Laura Hodos as Aldonza, Matt Zambrano as Sancho, and Davis Gaines as Don Quixote star in Orlando Shakespeare Theater’s production of “Man of La Mancha.” (Photo by Luke Evans.)
ORLANDO – Davis Gaines cuts a truly commanding presence as Cervantes, the tax collector, playwright and dreamer in the legendary Broadway show “Man of La Mancha,” now being performed at the Orlando Shakespeare Theater, that he’s thrilling ever moment he’s on stage.
Gaines has a marvelously towering voice from the very start, when he performs the show’s classic opening title song, “Man of La Mancha (I, Don Quixote).” For the next two hours, he beautifully balances humor, pathos and more than a bit of tragedy in his performance. He’s particularly good when matched up against the equally stunning Laura Hodos as his imaginary love, Dulcinea. The two of them could have carried on the entire show themselves and been a pure delight to watch.
This beautifully mounted production of the 1964 Broadway hit by Dale Wasserman was directed by Nick DeGruccio, and his approach made me feel like I was watching the show for the first time. In several of the past productions that I’ve seen in Central Florida, the cast and directors emphasized humor, as the befuddled dreamer Cervantes and his loyal sidekick Sancho Panza were portrayed as comedic figures whose actions verged on slapstick. Continue reading
“Molly’s Comedy Cabaret” is a hilarious show by Canadian singer and entertainer Molly Wilson.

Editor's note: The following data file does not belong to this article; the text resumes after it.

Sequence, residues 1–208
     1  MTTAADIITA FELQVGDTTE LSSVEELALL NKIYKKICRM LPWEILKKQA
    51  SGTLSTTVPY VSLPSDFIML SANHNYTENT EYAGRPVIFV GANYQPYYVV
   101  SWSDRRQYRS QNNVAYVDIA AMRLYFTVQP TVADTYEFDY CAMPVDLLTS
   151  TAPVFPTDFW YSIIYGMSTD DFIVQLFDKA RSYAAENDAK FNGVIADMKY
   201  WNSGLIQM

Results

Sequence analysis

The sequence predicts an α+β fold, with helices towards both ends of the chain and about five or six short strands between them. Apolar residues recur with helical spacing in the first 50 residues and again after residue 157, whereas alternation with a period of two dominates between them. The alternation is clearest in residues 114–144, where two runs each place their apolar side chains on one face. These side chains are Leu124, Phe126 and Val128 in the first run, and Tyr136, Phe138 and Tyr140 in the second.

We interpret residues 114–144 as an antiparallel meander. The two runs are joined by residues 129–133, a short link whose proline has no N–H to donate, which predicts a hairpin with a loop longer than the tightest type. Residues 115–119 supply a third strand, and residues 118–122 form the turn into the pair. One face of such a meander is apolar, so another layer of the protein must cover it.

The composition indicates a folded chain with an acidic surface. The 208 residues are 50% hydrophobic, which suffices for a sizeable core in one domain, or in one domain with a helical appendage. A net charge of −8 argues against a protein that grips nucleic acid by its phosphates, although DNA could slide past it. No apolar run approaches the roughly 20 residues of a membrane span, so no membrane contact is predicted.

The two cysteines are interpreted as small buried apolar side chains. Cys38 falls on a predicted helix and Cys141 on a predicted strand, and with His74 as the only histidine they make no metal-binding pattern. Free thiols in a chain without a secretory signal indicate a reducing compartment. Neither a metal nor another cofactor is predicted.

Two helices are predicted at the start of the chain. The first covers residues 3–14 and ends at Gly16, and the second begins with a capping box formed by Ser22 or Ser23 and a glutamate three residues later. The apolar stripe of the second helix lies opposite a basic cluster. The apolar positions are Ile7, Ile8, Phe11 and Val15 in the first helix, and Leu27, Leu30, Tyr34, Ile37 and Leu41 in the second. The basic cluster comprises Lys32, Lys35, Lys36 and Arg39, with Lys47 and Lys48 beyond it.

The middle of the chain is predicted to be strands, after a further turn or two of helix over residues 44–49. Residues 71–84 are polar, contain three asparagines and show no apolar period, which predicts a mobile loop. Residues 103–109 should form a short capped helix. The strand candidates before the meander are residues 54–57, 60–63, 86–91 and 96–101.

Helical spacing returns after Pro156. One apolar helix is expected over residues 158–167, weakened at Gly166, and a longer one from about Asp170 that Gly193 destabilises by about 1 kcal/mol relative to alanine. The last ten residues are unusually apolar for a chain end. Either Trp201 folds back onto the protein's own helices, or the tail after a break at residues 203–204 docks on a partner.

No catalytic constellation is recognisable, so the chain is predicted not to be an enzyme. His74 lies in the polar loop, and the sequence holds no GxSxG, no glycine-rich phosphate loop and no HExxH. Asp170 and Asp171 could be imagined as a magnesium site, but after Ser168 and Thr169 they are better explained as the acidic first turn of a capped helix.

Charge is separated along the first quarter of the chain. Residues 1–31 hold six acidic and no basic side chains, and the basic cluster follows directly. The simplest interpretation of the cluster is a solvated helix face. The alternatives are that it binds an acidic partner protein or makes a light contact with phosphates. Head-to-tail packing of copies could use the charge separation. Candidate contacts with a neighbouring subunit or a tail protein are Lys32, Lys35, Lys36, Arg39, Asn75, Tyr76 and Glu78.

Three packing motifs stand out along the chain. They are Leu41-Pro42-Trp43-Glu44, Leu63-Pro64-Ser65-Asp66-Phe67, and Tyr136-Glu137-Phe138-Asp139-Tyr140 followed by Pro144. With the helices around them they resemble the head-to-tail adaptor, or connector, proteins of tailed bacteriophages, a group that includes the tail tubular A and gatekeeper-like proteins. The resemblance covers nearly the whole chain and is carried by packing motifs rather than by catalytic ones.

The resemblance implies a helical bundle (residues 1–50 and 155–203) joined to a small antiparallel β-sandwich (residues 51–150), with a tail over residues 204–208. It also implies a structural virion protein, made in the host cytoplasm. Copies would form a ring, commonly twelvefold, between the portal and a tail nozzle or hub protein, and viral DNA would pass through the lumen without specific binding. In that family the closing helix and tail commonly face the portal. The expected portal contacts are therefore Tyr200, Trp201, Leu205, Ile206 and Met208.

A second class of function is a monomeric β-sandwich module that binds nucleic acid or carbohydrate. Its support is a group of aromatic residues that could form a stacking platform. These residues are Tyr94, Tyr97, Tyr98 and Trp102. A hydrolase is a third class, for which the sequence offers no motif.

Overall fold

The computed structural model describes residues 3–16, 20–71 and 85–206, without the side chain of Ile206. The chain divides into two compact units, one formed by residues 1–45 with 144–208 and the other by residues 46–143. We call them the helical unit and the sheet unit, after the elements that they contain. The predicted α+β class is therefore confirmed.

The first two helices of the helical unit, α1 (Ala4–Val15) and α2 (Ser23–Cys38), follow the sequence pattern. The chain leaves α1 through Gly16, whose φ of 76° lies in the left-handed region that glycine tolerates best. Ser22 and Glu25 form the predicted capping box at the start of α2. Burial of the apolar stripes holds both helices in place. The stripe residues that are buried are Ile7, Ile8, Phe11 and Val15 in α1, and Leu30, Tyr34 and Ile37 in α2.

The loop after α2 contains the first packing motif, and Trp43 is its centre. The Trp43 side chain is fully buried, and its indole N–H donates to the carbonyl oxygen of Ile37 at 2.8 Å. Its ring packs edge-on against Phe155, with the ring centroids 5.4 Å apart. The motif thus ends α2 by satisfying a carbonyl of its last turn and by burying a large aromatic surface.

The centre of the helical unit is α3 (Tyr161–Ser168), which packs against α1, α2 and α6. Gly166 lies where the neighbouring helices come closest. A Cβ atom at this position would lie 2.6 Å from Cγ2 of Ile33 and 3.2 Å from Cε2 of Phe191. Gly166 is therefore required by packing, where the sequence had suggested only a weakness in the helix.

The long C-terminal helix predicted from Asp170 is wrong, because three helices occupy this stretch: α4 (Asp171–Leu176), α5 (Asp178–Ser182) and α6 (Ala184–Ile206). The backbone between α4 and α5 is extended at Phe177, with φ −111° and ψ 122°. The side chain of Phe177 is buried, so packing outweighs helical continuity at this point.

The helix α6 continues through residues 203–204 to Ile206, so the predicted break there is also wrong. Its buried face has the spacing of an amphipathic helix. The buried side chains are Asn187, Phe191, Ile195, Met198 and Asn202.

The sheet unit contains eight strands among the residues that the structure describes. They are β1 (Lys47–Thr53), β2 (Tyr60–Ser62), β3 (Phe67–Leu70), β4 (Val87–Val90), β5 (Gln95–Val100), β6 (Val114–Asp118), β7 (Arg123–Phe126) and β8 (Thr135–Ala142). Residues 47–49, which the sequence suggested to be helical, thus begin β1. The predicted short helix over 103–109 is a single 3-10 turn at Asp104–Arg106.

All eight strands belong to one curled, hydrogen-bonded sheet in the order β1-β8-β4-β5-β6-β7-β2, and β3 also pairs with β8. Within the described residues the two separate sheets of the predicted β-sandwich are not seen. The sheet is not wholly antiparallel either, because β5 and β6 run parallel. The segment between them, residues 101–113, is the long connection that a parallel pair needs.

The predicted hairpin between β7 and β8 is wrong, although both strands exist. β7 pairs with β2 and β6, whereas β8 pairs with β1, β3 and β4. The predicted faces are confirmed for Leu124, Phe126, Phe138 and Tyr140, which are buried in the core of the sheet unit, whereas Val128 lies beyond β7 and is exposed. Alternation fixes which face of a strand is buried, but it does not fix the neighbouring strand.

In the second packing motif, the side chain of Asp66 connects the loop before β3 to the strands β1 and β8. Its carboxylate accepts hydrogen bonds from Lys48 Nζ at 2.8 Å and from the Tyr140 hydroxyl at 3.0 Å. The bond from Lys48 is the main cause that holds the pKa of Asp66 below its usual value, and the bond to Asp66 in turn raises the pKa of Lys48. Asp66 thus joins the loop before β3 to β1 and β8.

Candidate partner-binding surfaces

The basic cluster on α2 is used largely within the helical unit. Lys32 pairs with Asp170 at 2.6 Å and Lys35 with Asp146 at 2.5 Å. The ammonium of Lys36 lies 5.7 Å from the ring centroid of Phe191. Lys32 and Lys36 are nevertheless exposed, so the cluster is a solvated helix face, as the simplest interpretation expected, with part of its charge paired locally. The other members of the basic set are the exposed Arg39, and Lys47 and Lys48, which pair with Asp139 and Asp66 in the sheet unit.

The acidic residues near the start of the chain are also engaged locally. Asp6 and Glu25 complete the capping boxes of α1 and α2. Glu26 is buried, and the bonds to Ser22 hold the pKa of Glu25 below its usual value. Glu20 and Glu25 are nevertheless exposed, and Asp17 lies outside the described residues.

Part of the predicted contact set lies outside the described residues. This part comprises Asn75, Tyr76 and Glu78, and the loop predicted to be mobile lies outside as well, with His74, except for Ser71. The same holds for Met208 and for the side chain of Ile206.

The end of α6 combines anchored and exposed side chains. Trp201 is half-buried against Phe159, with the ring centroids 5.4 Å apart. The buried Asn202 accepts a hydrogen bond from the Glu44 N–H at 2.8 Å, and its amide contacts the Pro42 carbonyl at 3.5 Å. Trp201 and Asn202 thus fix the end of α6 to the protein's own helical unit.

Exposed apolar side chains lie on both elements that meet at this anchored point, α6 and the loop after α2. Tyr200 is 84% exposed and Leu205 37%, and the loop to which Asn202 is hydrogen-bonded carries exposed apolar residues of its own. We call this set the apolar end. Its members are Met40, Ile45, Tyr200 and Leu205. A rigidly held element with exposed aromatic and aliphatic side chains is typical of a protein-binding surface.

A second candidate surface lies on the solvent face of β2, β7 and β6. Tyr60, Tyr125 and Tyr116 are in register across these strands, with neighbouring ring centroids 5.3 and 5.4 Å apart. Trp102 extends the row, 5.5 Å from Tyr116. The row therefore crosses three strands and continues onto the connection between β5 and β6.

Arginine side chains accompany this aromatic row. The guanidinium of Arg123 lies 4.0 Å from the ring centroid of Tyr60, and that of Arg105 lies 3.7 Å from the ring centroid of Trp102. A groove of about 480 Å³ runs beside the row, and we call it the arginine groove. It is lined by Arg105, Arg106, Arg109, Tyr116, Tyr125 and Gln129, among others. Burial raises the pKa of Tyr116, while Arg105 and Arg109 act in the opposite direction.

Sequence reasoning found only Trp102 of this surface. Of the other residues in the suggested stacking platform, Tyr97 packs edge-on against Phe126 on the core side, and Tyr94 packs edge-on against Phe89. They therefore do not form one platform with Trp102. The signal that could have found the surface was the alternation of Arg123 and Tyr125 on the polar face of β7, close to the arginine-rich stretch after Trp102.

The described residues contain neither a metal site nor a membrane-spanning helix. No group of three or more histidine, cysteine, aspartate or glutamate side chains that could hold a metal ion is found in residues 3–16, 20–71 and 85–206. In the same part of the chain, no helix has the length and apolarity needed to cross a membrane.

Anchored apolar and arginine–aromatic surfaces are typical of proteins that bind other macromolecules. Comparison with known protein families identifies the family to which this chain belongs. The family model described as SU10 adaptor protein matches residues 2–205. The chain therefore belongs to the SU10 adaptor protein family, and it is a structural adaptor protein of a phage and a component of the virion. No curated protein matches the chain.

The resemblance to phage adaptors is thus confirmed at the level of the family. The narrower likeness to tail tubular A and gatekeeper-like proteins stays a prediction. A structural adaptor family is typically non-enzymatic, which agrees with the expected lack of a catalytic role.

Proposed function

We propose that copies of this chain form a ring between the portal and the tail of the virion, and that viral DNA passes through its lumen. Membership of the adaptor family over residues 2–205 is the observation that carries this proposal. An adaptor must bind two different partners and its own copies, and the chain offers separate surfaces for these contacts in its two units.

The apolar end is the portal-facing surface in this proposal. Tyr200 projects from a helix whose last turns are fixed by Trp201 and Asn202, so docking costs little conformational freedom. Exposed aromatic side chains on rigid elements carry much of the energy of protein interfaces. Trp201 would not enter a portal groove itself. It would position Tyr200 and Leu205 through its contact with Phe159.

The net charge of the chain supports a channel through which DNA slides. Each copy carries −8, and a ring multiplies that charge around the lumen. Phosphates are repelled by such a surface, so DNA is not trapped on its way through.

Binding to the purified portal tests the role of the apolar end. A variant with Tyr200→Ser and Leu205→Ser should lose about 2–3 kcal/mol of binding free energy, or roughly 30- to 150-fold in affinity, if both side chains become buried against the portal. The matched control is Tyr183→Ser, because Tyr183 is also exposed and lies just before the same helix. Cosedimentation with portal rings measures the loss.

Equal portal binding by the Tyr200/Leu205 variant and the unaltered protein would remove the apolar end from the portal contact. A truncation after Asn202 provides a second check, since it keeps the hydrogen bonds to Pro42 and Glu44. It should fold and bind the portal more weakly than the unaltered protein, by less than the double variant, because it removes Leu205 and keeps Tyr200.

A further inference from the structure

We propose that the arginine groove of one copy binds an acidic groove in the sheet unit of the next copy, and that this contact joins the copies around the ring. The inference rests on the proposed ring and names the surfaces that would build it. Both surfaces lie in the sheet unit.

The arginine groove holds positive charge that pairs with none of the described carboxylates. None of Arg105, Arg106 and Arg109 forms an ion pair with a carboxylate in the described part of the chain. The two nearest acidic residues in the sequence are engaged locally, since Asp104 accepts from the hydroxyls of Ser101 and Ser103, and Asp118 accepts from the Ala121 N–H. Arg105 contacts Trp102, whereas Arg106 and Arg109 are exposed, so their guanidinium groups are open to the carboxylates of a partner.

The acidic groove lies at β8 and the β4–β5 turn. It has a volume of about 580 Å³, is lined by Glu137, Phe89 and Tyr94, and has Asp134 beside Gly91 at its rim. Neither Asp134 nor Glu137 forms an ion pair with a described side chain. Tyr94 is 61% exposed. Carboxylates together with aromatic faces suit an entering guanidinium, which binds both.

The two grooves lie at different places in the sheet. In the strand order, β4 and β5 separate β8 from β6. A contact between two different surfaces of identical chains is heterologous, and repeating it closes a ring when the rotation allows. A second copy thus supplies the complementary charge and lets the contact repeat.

ORLANDO – Watching singer and entertainer Molly Wilson perform her cabaret show at the Orlando International Fringe Theatre Festival, I thought for a moment about what it takes to create a really first-rate solo act.
I had already seen quite a few solo shows at Fringe this month, ranging from singers to dramatic readings to intense dramas.
Molly Wilson’s show has a fairly simple and straightforward concept: Molly’s stunningly beautiful voice is used to great effect on some well-chosen songs, and she has great comedic timing. By the end of the hour, as Molly joked with the audience and thanked them for coming, I couldn’t help think about how much work she must have done creating this show; because while it can be summed up as songs and comedy, Molly Wilson is wonderfully entertaining, and truly knows how to reach an audience.
In the beginning of the show, Molly does a particularly effective job of not only introducing herself, but also touching something heartfelt in so many of us: the idea of the small town kid with big dreams. A native of the small town of Chilliwack, British Columbia, Molly noted that the locals often asked her why she couldn’t pursue a practical profession, like being a dentist, rather than aiming to become an actress and singer.
Her response: to turn to her mom and say no, singing is her true goal in life. Continue reading
There are plenty of laughs to be found watching “Theodore’s Super Fun Adventure” at the Orlando Fringe Festival.
ORLANDO – “Theodore’s Super Fun Adventure” starts off as a gay-meets-cute comedy, has a wonderfully engaging performance by lead actor Mike Van Dyke, tosses out plenty of funny quips … and then it takes a radical, startling change in tone at the end.
The very light beginning is almost a bit misleading at first, and as I thought about the play afterwards, I realized I had missed the initial clues about the direction it was heading in.
But they were there from the start.
“Theodore’s,” now playing at the Orlando International Fringe Theatre Festival, was written by local funnyman Bobby DeSormier and directed by veteran performer Rob Ward. It begins as a comedy about a nervous, socially awkward young gay man from the sticks, Theodore (Van Dyke), who just moved to the Big Apple, found himself an apartment above a local restaurant, and even has a gay bar right across the street. Continue reading